So what makes a good migration test environment?
Here are some things to keep in mind:
- You’ll want an environment that will tell you whether your plans are on track or are going to fail spectacularly. You don’t want to be in the position of having a major blocker turn up during the actual migration that a basic test migration would have identified.
- You don’t need to replicate the final environment in its entirety – your test environment is there for testing.
For example, you might be thinking of deploying an 8 node Hyper-V failover cluster to host the migrated production workloads, with each node having oodles of RAM and processor and disk capacity out the wazoo.
You don’t need to deploy an 8 node Hyper-V failover cluster as your test environment. If you need to test the mechanics of failover, 2 nodes is fine.
The main things you’ll be wanting to check is whether the hardware resources you’ll allocate to each migrated virtual machine workload are adequate and if there is any problem running the migrated workload in the new environment.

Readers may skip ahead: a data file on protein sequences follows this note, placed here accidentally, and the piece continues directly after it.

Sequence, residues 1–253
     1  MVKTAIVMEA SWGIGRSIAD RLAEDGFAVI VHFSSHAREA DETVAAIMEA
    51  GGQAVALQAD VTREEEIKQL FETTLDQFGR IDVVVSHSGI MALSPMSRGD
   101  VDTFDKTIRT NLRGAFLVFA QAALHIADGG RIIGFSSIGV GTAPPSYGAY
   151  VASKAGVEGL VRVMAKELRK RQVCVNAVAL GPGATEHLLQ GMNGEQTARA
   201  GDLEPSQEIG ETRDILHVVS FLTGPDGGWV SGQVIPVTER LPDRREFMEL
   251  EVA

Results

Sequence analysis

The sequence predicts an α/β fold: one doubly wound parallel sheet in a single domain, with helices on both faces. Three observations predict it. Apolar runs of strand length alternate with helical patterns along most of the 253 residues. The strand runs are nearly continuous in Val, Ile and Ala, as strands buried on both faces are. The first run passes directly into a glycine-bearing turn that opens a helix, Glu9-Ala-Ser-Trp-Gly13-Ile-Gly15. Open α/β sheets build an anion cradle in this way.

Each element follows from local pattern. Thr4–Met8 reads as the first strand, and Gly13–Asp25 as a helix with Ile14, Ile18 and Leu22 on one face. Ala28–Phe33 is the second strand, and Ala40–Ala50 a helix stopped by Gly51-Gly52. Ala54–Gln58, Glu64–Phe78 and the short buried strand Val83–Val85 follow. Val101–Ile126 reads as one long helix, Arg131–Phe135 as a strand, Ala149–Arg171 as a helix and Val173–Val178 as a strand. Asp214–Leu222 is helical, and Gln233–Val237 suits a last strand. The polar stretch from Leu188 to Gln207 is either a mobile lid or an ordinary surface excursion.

Remember also that you’ll be performing tests on a piecemeal basis. You don’t need to run every workload in your test virtual environment at the same time to get an idea of what the hardware utilization will look like. You can run each workload separately in the test environment and get an idea of what the combined resource requirements will be.
In the end, your migration test environment needs be able to host the most demanding individual workload that you are going to be migrating.